The Whitney Biennial has traditionally been known as the show that everyone loves to hate. But the current edition, which opens today, deserves to be regarded as the show that everyone loves to love. It goes out of its way to spurn fashion, slickness and unearned celebrity. Of the 63 artists tapped for the show, most are unknown. Many are given their own rooms and the chance to show perhaps three or four works. As a result, the show offers you a genuine acquaintanceship with new art, rather than just some lame buzz about who’s in and who’s out.
If any one media dominates this year, surely it is painting. Unlike new media, paintings don’t move or make noise, and they encourage reflection. Henry Taylor, a Los Angeles painter in his fifties, is among the obvious standouts. “The 4th”—as in July 4th – is a towering, two-panel painting of an African-American woman grilling chicken and hot dogs on a barbecue. It can put you in mind of the social realism that flourished in the1930s, when artists like Ben Shahn took up left-wing politics. Their work was often dismissed as provincial and faulted for ignoring the new formal language of modernism (i.e. abstraction). But today’s social realists do draw on formal innovation, and they move easily between the realms of figuration and pure painting. It is telling that Taylor’s barbecuing woman is missing her facial features and suggests a state of Francis Bacon-like psychic disintegration.
American figurative painting has never looked better than it does in this well-chosen show. Dana Schutz confirms her reputation as America’s leading German Expressionist with paintings that explore the subjects, respectively, of claustrophobic elevators, female shame and the tragic lynching of Emmett Till. Celeste Dupuy-Spencer, a newcomer, displays a sharp talent for social satire—and amusing titles, such as ”It’s A Sports Bar But It Used to Be A Gay Bar.” Shara Hughes creates fantasy landscapes that evoke both the visionary, early-20th-cenutry paintings of Charles Burchfield and the psychedelic posters of hippiedom.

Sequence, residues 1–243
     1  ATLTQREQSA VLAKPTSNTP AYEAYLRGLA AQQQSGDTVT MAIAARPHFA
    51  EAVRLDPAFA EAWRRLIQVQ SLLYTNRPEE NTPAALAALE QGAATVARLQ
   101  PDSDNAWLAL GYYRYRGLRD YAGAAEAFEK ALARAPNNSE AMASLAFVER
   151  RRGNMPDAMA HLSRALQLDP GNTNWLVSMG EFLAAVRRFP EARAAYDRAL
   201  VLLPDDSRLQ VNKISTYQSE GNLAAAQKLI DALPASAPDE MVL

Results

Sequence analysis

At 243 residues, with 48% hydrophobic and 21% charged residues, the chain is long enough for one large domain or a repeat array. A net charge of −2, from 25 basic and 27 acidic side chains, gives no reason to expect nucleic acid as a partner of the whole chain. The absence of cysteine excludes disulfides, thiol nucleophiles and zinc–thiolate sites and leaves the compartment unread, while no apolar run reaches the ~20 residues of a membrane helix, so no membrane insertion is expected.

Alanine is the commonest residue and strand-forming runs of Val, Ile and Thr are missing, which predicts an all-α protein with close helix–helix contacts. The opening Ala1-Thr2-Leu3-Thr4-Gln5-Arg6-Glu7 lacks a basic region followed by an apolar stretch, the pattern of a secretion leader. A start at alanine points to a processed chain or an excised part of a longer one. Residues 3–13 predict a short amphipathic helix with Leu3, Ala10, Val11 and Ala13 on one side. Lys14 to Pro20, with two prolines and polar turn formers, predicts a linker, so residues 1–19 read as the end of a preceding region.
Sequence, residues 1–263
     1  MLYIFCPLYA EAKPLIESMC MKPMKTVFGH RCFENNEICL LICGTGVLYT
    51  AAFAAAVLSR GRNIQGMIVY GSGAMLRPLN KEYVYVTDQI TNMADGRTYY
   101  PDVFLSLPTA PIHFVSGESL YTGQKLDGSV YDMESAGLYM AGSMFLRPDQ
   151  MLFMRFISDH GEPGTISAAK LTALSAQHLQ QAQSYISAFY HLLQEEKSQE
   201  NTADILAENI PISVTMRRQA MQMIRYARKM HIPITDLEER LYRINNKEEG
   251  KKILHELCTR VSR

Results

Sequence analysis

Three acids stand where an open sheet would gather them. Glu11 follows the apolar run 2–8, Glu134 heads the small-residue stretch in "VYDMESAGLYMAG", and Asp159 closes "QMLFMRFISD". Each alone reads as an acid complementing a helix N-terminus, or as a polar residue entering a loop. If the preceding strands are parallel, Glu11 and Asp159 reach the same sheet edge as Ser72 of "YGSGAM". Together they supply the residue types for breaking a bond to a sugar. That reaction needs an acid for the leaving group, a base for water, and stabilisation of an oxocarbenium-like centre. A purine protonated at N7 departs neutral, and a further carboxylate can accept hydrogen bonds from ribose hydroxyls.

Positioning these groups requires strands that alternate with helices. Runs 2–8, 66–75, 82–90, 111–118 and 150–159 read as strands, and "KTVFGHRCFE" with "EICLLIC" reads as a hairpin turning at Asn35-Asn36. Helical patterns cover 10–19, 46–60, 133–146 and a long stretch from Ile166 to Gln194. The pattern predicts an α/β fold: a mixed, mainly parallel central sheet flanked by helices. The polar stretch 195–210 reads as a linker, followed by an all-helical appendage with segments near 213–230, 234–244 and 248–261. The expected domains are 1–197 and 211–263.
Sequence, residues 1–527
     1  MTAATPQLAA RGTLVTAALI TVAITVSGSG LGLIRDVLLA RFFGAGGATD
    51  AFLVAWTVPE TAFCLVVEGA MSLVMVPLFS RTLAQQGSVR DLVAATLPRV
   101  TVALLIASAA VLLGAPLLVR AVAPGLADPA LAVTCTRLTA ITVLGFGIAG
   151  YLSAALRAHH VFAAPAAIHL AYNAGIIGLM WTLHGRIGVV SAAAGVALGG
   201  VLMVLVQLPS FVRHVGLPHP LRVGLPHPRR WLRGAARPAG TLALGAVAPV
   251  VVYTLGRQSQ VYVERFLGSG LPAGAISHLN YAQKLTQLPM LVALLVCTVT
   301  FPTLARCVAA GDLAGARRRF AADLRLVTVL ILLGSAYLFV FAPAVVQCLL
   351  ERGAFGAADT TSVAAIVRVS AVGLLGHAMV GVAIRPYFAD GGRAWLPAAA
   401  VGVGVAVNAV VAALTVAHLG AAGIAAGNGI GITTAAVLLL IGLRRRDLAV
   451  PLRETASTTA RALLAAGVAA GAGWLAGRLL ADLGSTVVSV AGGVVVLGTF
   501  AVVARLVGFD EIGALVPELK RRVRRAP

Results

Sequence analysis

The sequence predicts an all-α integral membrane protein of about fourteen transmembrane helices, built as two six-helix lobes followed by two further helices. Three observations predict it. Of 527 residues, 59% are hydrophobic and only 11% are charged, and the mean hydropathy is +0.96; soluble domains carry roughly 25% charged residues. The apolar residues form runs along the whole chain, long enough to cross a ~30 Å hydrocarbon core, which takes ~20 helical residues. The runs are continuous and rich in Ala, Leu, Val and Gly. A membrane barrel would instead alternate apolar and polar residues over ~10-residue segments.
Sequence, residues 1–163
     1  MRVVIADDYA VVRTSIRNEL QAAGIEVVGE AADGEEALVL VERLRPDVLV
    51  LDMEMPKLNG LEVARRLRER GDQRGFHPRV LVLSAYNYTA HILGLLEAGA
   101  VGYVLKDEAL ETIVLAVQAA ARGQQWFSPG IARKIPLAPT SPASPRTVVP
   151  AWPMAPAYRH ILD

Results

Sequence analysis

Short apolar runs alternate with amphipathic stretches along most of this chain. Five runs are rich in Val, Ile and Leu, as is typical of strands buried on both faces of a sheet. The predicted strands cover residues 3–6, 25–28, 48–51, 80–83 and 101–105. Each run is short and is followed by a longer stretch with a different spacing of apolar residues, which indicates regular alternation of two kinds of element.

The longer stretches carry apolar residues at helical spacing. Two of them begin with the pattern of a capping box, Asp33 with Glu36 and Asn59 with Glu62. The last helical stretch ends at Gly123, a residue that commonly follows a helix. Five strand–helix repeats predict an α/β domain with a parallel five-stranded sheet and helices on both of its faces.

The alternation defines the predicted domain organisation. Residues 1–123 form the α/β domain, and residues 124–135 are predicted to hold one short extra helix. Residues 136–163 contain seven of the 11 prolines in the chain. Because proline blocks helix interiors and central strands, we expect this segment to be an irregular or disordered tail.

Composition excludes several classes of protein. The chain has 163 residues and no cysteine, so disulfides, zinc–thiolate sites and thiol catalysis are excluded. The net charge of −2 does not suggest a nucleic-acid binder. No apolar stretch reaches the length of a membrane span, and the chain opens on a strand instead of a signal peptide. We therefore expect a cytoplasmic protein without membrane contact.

There is also first-rate photography in the show, most notably by An-My Lê, whose hyper-clear images of Louisiana swamps and surroundings make New Orleans feel like the emblematic city in America right now, haunted by environmental catastrophe and the stain of the Confederate past.
Any new trends? I do discern a dissolving line between art and living-room couches. Furniture serves as the inspiration for arresting sculptures by both Jessi Reaves and Kaari Upson. Moreover, furniture – especially of the dreary nursing-home variety – is the impetus for a brilliant installation by Samara Golden in which beds, desks and the rest are mirrored into infinite reflection to create the defining image of high-rise high-anxiety.
Yes, there are duds – you can skip Jordan Wolfson’s “Real Violence,” a deliberately grotesque video in which the artist, wielding a baseball bat, bashes a man to death on a sidewalk as melodic Jewish prayers are sung on an accompanying soundtrack. The piece is both offensive and clueless at a time when the KKK has renewed its campaign of violence.
But the piece is an anomaly. Taken together, the new Biennial suggests that the artists of America are serious citizens looking for ways to express their sense of social grievance. The show attains a high level of aesthetic quality, and proves that making fun of the Whitney Biennial has become an obsolete sport.